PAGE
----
Visionary scientist Janos Rukh convinces a group of scientists and supporters to mount an expedition to the African continent to locate and study an ancient meteorite of great significance. He exposes himself to the highly toxic radiation of the meteorite, and while an antidote devised by Dr.Benet saves him from death by radiation poisoning, his naked touch causes instant death to others. Back in London, the benefits of the meteorite's controlled radiation offer Dr.Benet an opportunity to restore eyesight to the blind. The antidote's toxicity excites Prof.Rukh into paranoid rages as he seeks revenge against the members of his expedition, who he accuses of stealing his discovery for their own glory.
Directed by: Lambert Hillyer
. Starring: Boris Karloff
, Bela Lugosi
, Frances Drake
, Frank Lawton
, Violet Kemble Cooper
, Walter Kingsford
, Beulah Bondi
, Frank Reicher
, Paul Weigel
, Georges Renavent
, Ernie Adams
, Ricca Allen
, Charles Bastin
. Music by: Franz Waxman
Boris Karloff and Bela Lugosi made many films together, but on the whole (interestingly enough) Karloff usually is the better man of the two. The real exception is "The Black Cat" (1934) where Karloff is playing the evil head of a devil cult, and Lugosi is seeking revenge on him for destroying his life. But more usual is "Black Friday", where (whatever his motive) Karloff is trying to improve brain surgery while Lugosi is a murderous thug. In "The Raven" Lugosi is a sadistic surgeon, who blackmails Karloff to assist his evil plans until Karloff finally has had enough. Rarely are they both negative characters totally. In "The Body Snatcher", Karloff does kill Lugosi, but Lugosi is trying to blackmail him.
The one exception where they are both extremely sympathetic but at cross purposes to each other is this 1936 film, which I feel has rarely had the audience acceptance of some of the other movies I have mentioned. In it Karloff's Dr. Janos Rukh is a hard driven scientific genius who has been sneered at by the "official scientific community" for his theory that a rare form of Radium is in Nigeria on a meteorite that landed centuries ago. He has finally gotten the support of a well financed expedition led by Sir Francis Stevens and his wife Lady Arabella Stevens (Walter Kingsford and Beulah Bondi), and has another scientist, a Frenchman named Dr. Felix Benet (Lugosi), Rukh's young wife Diane (Frances Drake) and a friend and protégée of the Stevenses named Ronald Drake (Frank Lawton).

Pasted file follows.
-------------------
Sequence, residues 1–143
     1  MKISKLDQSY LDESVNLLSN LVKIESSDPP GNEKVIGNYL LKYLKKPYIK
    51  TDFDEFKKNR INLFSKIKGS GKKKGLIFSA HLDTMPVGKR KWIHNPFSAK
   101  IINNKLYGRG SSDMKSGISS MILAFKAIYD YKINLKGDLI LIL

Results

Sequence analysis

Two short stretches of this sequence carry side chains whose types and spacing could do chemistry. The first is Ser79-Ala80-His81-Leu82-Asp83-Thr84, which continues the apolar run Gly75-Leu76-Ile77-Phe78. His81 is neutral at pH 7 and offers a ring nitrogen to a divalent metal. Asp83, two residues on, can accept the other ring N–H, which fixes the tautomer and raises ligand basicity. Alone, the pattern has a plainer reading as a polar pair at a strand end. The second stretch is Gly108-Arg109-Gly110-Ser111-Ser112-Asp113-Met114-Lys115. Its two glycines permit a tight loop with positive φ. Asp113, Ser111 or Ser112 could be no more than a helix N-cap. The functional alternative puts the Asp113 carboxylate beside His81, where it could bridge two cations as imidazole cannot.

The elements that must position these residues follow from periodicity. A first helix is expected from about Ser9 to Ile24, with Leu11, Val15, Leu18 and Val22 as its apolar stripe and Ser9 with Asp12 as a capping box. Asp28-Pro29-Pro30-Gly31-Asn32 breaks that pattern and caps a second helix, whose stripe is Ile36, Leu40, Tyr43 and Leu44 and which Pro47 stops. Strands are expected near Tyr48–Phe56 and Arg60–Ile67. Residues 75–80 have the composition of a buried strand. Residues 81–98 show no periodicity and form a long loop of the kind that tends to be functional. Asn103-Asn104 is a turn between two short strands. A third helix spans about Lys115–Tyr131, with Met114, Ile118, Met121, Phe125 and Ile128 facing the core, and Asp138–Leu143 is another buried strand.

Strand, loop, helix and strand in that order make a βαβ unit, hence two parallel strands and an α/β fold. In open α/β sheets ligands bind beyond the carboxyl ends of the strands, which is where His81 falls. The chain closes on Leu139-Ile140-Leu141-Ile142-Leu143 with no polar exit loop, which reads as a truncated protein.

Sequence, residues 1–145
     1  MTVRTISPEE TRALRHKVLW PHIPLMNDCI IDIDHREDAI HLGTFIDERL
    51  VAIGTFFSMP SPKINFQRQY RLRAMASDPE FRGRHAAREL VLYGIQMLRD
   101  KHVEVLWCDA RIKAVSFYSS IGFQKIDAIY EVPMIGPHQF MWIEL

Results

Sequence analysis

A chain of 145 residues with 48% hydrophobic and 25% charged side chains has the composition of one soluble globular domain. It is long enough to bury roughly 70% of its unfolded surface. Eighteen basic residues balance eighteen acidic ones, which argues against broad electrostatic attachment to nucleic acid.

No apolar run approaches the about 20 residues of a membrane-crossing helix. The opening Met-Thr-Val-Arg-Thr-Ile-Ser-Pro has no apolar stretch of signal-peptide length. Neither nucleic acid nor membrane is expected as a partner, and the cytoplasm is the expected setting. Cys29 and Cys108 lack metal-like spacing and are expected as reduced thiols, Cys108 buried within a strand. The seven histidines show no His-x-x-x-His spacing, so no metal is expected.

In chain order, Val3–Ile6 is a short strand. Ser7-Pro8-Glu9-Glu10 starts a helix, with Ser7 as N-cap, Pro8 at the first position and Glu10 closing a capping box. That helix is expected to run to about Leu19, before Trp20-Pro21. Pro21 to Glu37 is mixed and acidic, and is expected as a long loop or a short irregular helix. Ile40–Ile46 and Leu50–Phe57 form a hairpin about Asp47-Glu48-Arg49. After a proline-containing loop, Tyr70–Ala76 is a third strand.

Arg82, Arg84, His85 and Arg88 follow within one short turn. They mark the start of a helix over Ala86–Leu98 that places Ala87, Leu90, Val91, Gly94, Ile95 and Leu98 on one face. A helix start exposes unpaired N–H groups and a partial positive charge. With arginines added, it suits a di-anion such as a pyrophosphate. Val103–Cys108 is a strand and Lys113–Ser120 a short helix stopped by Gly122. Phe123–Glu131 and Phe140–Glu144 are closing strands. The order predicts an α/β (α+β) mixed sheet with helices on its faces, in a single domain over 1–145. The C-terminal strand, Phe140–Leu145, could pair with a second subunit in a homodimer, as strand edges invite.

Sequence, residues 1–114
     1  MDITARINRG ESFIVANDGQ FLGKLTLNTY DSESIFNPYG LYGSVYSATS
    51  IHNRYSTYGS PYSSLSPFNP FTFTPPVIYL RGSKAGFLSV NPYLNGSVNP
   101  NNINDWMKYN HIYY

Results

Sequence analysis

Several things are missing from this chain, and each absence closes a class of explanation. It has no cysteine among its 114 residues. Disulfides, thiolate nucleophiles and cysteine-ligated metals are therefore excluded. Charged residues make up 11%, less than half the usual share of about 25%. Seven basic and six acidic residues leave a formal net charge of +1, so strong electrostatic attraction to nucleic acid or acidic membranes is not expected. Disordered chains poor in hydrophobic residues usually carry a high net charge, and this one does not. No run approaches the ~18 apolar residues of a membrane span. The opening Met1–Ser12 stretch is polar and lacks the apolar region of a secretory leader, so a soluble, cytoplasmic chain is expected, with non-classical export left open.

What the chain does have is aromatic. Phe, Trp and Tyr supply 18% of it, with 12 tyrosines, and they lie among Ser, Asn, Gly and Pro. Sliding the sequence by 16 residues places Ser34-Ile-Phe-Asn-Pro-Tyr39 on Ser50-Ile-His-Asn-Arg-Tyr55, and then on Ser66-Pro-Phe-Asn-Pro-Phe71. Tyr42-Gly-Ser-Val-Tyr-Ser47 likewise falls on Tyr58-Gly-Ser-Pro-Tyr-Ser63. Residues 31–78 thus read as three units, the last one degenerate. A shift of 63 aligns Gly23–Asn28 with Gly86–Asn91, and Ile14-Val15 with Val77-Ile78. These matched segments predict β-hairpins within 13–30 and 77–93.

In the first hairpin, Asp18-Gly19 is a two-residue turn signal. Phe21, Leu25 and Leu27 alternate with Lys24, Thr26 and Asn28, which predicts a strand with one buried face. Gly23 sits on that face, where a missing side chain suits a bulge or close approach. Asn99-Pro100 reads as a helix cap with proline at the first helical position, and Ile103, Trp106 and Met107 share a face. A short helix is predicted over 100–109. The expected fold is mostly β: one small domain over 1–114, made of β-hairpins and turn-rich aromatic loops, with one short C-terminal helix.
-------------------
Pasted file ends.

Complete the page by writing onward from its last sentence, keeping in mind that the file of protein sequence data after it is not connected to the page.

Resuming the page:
Before they leave, Rukh is warned by his mother (Violet Kemble Cooper) that he is possibly seeking wisdom that he shouldn't and it may end in tragedy. He tries to dismiss this, but he is worried by what she says, his scientific standing, and whether or not he is going to get his due credit.
What he gets is a disaster. He finds the substance, but is infected by it's remarkable radioactivity. He finds that he is slowly burning up, and if he tries to touch people or animals they die. He's actually built up a friendship or understanding with Benet, who figures out a type of radioactive fighting cocktail for Rukh to use to counter the danger. But there are two things that are unbeatable here. The antidote can only last for a certain amount of time, and has to be replenished. And the radioactivity has affected Rukh's brain. He is increasingly jealous of Diane's friendship with Ronald (encouraged, unfortunately by Sir Francis and Lady Arabella), and he is equally upset that (due to his having to pretend to have died - the effects of the radioactivity are like that) Benet and several others are collecting the kudos of the wonders that "Radium X" is giving to man. Soon Rukh is on a murderous rampage that destroys many lives, ending with his own.
The film certainly picked up on science to an extent. Madame Curie had died recently from cancer she got due to work with Radium. Few fully understood the dangers of radioactivity in 1936, but some idea of it was coming out. The wave of murders by Rukh cause the newspapers to talk about a "curse" on the expedition. Of course, with the idea of a "cursed" expedition (on the continent of Africa) for a hidden treasure buried centuries ago, financed by a titled Englishman, we have entered archeology not physics or geology (paging Howard Carter and Lord Carnaevon).
On the other hand, Benet tries to settle the cause of the string of deaths, and reverts to an idea that was actually demolished in 1888 in England. During the Whitechapel Murders, Sir Charles Warren ordered the retinas of several of the dead victims to be photographed to see if the last image on the retinas was Jack the Ripper. It turned out he only got the photographs of the retinas of dead prostitutes. But the idea did not die. Jules Verne used it in his novel "The Brothers Kip" in 1899, and here Dr. Benet uses it. As this is a science fiction story, he finds the image of Rukh on the the plate, but Benet drops the plate accidentally and it shatters.
The film is good on many grounds, the most interesting that for a change Karloff and Lugosi are not unsympathetic towards each other. There is a type of tragic fatalism in this story that is missing from their other films. The other performances are good as well, in particular Ms Kemble Cooper. She is best remembered as Basil Rathbone's frightening sister (Jane Murdstone) in "David Copperfield". Here her final act is the only way to bring this tragedy to an end, and who can say it did not hurt her more than her target.
Review by theowinthrop from the Internet Movie Database.